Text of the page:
CHICAGO -- Although we live in a country where organized religion is mostly out of vogue, there are still plenty of people who are familiar with the teachings of Christ -- and who can't square them with how supposedly God-fearing Republicans inhumanely view migrants and refugees at the U.S. border.
"The rejection of Christian teaching on this issue [of immigration] is pretty much a job requirement in the Trump administration," noted Washington Post columnist Michael Gerson in a piece citing examples of Republican hypocrisy on the issue. "Evangelicals insist on the centrality and inerrancy of scripture and condemn society for refusing to follow biblical norms -- and yet, when it comes to verse after verse requiring care for the stranger, they don't merely ignore this mandate; they oppose it."
But are we painting Christians with too broad a brush?
That's certainly the opinion of the Evangelical Immigration Table, which bills itself as a broad coalition of evangelicals who advocate for immigration reform that is consistent with biblical values.
Members include Leith Anderson, president of the National Association of Evangelicals; Shirley Hoogstra, president of the Council for Christian Colleges and Universities; and Samuel Rodriguez, president of the National Hispanic Christian Leadership Conference. They want to make sure their fellow Christians know that it is both possible and practical to use the Bible as a guide in approaching immigrants and immigration policy.
"We have the science and the technology to both have a secure border and to have legal immigration -- we can do both," says Anderson in one of the group's videos, which is titled "Pro-Security, Pro-Compassion."
In that same video, Jo Anne Lyon, the global ambassador for the Wesleyan Church, says, "Yes, secure the national borders, but we want borders that are secured, not closed."
Another of the organization's videos is titled "Making Things Right: Establishing a Path Toward Legal Status." It advocates giving citizenship to immigrants who are currently living in the shadows. "[An] earned legalization process, paired with improvements to border security, is supported by more than two-thirds of American Evangelical Christians according to a poll from LifeWay," Hoogstra said.
Along with the videos, the Evangelical Immigration Table released an e-book titled "Thinking Biblically About Immigrants and Immigration Reform." It suggests that the Bible -- which the e-book calls the "ultimate authority" for evangelical Christians -- should be a guide not just for policy, but personal encounters:
"While applying biblical principles to public policy inherently requires some prudential determinations, biblical teachings about how to interact with immigrants themselves leave less space for differences of interpretation: We're called to love our neighbors (Luke 10:27) and to make disciples of all nations (Matthew 28:19), regardless of where we land on public policy."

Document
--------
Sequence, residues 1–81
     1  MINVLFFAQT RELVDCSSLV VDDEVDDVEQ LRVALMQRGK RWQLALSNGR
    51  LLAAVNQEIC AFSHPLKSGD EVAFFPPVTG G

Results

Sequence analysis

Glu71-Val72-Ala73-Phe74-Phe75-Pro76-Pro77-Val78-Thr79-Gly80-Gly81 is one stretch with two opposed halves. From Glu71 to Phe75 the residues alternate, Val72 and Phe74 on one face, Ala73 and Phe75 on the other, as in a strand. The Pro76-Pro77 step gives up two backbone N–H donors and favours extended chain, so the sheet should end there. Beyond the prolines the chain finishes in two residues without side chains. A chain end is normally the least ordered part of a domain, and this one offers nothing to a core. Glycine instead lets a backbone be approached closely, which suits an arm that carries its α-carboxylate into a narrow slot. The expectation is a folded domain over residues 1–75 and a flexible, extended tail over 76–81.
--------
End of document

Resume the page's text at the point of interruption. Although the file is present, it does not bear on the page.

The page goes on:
Driving its point home, the e-book starts off by underscoring how many of the most prominent Bible characters were themselves immigrants, forced across borders just to find food. It goes on to cite numerous passages showing that vulnerable groups of people, like immigrants, were "objects of God's particular concern."
This would be the precise moment for the cynic to engage in finger-pointing and recriminations about the many ways and times that Bible verses are taken out of context (or not) to delegitimize particular groups, such as gay, lesbian or transgender people.
But to what end?
These evangelical Christians, who feel they've been miscast or misrepresented, are clearly trying to extend an olive branch not only to their detractors but to those who might find solace in the Bible and are ambivalent about the immigration issue.
These videos are nicely produced, and the e-book is a fine resource that is also humane. It calls for a "bipartisan solution on immigration that respects the God-given dignity of every person, protects the unity of the immediate family and establishes a path toward legal status and/or citizenship for those who qualify and who wish to become permanent residents."
Ultimately, however, while enlightened evangelical Christians preach about the Bible to fellow Christians, they need to also contact elected lawmakers who dehumanize immigrants or stand with a president who wants to be even harsher to the women, children and men who arrive at our border fleeing political turmoil, violence or economic freefall.
It's not enough to preach to the choir on the issue of immigration.
Evangelical Christians, please take an outspoken leadership role and help cool the heated rhetoric in far-right, anti-immigrant camps. Especially with those who put the power of their political pulpit toward dehumanizing immigrants and those who care about them.
Esther Cepeda's email address is email@example.com, or follow her on Twitter: @estherjcepeda.
(c) 2019, Washington Post Writers Group